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/f/ sound this is unvoiced, meaning only air passes through the mouth whereas /v/ makes the same mouth movement but /v/ is voiced (you’re making a sound with the vocal cords) – practice f/a/n versus v/a/n.
/l/ the tip of your tongue reaches the ridge of your gum behind your teeth.
/m/ The mouth should not open at all during this sound, all of the air should come out of the nose.
It can be fun to look at the sound card and practice together at home. Younger children will love joining in this game at home too and older siblings can support by playing along or being the part of the adult by modelling when necessary.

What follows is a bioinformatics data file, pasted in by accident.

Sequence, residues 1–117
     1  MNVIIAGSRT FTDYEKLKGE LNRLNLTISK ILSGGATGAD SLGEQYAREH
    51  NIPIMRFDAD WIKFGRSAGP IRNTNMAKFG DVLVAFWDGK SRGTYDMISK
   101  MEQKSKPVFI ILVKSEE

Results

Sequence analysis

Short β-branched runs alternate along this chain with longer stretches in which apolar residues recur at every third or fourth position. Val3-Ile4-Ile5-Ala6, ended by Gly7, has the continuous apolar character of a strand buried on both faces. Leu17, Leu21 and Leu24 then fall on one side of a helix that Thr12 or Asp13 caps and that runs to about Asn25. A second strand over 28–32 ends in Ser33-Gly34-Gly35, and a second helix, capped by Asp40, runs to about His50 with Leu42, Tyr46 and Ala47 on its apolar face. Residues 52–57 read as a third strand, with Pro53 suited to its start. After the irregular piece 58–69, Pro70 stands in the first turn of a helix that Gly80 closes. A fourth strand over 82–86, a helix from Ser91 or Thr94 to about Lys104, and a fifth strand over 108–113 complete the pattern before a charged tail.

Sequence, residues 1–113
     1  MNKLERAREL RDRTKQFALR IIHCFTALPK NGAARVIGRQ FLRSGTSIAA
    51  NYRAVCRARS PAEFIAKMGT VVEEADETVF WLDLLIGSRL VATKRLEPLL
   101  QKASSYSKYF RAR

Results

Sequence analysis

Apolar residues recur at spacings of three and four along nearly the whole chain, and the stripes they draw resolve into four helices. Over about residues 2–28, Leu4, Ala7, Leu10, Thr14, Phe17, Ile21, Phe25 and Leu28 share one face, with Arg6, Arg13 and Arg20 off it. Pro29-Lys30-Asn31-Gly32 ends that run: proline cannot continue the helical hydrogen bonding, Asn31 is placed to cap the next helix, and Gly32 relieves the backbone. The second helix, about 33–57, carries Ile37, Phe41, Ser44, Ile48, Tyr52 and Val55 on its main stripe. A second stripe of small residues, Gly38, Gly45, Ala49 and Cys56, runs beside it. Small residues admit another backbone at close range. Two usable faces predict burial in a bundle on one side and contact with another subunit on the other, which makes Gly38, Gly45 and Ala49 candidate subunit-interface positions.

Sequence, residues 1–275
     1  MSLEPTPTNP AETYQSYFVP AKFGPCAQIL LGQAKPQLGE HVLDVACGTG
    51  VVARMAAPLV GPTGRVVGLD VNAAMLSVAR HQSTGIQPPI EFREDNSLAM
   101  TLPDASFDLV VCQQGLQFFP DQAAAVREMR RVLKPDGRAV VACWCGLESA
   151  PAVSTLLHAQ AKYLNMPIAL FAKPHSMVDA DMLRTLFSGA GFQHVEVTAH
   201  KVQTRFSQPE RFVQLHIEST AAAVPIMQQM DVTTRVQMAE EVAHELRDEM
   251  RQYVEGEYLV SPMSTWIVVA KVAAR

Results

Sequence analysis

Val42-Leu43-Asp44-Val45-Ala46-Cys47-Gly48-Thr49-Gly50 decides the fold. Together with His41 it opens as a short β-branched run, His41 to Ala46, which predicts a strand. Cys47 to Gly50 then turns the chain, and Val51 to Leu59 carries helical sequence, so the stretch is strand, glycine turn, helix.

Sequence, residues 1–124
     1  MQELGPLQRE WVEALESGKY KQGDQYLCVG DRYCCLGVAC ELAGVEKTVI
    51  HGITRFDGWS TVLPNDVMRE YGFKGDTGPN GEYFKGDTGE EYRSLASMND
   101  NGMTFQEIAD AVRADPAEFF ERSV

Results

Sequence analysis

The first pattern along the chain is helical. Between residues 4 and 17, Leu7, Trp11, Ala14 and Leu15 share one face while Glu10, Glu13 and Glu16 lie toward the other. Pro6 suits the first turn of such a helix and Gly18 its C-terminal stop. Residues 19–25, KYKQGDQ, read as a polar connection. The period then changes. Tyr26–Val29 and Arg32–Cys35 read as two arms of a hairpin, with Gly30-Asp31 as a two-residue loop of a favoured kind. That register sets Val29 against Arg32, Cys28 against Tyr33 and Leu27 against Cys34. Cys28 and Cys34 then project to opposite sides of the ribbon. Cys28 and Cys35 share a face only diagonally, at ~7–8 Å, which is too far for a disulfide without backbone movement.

As the children progress in their phonics they begin to learn that some sounds when accompanied by another sound then they make a ‘special friend’ for example a ‘s’ and a ‘h’ make the sound ‘sh’.
Video: the different digraph (2 letters making one sound), trigraph (3 letters making one sound) and ‘split digraph’ (sound that is split with a consonant in between the two letters such as a-e in the word cake) sounds
It is very beneficial for children to practice recognising their sounds and then being able to do them speedily.